I will have to share with you that I am still house hunting - six years and counting - and I am working with a personal trainer. There are many balls up in the air, so to speak, but it is time for these things to  fall into place. I am sure I will manifest a home that is conducive to writing where heat can be expected by turning a dial and not dragging wood up from the basement. The stronger and healthier my body, the more confident I feel speaking in front of a group. Yes, it is time.

Next post I will share with you my intention and why I wish to write. I am content that I made myself sit down and I actually wrote without finding a reason to do housework or plant additional flowers. Until later..

Sunday, July 6, 2014

Book Proposal Launch

Ok, this is going to be the beginning of something new. My blog usually consists of my commentary of life and the awareness that I gain from being in nature. I called my vignettes "stories" and a friend told me that term indicates fiction writing. This is not fiction. 

I wish to share with you, my reader, my dream. I love to write. I'd love to make my living by being an author and speaker. A part of me always denied this yearning and kept me pursuing more practical careers. A little more than a year ago, I started posting to this blog. It was my first venture into having my stories out in public. Next, I presented some of my work to Montana Woman magazine. The editor, Cindy, allowed me a section in this beautiful, monthly magazine. I am so grateful for the opportunity. Having a deadline each month gives me the reason to set aside time for writing. 

I have recently returned from a Hay House publisher writer's workshop in Denver. Hay House publishes Marianne Williamson, Wayne Dyer, Deepak Chopra, Gregg Braden and many more. If you attended this workshop, you may submit a book proposal on December 28 without an agent. One person will receive a $10,000 advance and a publishing contract. Two people will receive a Balboa Press self publishing contract - worth over $7,000. The odds of winning this contest are about one in 50 compared to the average one in hundreds of thousands. This is my shot and I am going to take it. It is my intention to share this journey with my readers so that your energy and support will help guide me along this path.

When I first arrived in Montana, there had not been an agriculture agent here for 15 years. I was charged with teaching my clients how to grow their food in spite of the fact that  I had never grown anything in the Rocky Mountains. I decided to plant a vegetable garden on the courthouse lawn in the middle of town. This way, people would know where the ag agent was and I would learn along with my clients. If I was making a mistake, the whole town would see it. I would teach what I had learned. People loved seeing the garden mature as they drove to work each day. I had many wonderful phone calls and yes, everyone knew where the new agent set up shop. It didn't matter if the garden succeeded or failed, the purpose was the learning.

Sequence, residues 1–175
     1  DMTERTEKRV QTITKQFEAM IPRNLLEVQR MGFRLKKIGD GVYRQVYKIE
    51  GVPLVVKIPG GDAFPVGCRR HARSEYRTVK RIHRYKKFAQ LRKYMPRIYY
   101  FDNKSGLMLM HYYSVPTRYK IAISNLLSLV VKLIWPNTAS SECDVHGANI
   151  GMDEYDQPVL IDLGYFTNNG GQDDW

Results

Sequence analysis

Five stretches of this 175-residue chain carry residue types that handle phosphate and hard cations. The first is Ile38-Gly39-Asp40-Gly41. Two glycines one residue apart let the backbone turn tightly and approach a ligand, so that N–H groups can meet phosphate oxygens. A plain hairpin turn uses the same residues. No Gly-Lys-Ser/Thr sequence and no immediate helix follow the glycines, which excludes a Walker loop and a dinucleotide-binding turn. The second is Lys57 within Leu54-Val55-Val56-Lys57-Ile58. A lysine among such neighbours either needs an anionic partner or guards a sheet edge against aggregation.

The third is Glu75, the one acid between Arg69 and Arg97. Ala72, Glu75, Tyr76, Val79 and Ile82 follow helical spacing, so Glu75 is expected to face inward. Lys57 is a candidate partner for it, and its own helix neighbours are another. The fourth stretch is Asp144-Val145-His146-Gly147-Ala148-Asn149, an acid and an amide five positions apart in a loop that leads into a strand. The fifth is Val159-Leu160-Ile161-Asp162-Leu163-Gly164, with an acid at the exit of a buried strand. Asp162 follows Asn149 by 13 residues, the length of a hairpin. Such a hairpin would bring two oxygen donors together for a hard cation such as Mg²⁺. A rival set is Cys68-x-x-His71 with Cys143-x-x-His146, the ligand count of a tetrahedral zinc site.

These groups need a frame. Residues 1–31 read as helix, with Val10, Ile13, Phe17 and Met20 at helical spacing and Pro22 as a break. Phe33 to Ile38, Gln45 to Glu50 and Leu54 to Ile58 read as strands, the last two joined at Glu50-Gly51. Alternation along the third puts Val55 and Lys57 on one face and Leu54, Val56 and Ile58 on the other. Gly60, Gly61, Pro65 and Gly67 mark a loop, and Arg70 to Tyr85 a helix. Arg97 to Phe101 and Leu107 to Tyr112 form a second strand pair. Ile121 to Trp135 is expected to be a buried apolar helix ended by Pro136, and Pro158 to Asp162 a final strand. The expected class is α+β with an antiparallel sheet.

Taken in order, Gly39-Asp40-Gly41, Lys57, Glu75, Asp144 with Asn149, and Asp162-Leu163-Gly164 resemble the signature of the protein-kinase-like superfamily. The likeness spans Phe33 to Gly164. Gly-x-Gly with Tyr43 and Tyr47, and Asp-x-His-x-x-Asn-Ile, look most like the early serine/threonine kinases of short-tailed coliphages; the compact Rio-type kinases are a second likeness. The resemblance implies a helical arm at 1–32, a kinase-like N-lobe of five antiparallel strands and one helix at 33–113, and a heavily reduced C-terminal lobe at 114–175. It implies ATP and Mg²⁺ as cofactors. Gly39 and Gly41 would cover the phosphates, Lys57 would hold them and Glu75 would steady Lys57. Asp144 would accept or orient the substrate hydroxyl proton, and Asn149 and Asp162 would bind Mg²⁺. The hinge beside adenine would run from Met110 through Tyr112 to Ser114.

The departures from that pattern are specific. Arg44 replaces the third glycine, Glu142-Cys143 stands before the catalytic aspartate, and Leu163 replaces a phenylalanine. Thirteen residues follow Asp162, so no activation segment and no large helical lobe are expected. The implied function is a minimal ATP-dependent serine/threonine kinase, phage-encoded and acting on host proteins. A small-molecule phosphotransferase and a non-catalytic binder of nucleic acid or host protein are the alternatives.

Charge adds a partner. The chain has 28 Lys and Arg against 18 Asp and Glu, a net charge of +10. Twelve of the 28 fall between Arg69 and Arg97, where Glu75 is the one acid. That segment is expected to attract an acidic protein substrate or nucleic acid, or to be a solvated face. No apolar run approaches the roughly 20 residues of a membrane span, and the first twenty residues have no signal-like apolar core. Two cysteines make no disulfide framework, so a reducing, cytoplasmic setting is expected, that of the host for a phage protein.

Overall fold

This blog is going to be like that. I encourage you to select one of your dreams and follow that path with me. I will continue to post my "vignettes" but will also be sharing my process - emotional, physical and spiritual - as I develop this book proposal. The staff at Hay House told us repeatedly that our ego would try to stop our progress. I listened to authors and publishers recount situations where writers gave up because they thought that "no one wants to hear what I have to say, who am I to be publishing, who will buy my  book or listen to me, I am not worthy, I probably wont be selected, " and on and on. When those thoughts began running through my mind, I thought what about those 3,000 readers I have on my blog. They are my support network. I will ask them to help me. 

What is so amazing to me each month is where you readers are located. Half of you are in the Ukraine. I have followers across the U.S. and in more than 20 countries. I say this to demonstrate how varied my audience is. I will gain so much from your unique perspectives. 

** There is a comment section under each post. I would appreciate your feedback very much. All you have to do is mouse over the word comment and a text box will appear. We all have dreams; we all have fears; we are all buoyed by each other. 

I read once, "If you want to be a golfer, golf; if you want to be a painter, paint." I want to be an author, so I am writing. More to come. 

Thursday, June 26, 2014


I was brushing Lakota’s mane. It had been a seemingly endless winter and her long tresses were rolled into tight little spirals and knots. A mist of detangler, some finger pulling and finally the wide toothed comb. I actually enjoy this process – it is a mindless task that allows my brain to wander and relax. As each tangle unfolds I feel my being settle; my breathing quiets. The scent of her filles me, her munching soothes my soul. I know that I love her completely. Then why was I grooming her and preparing her for a potential new owner?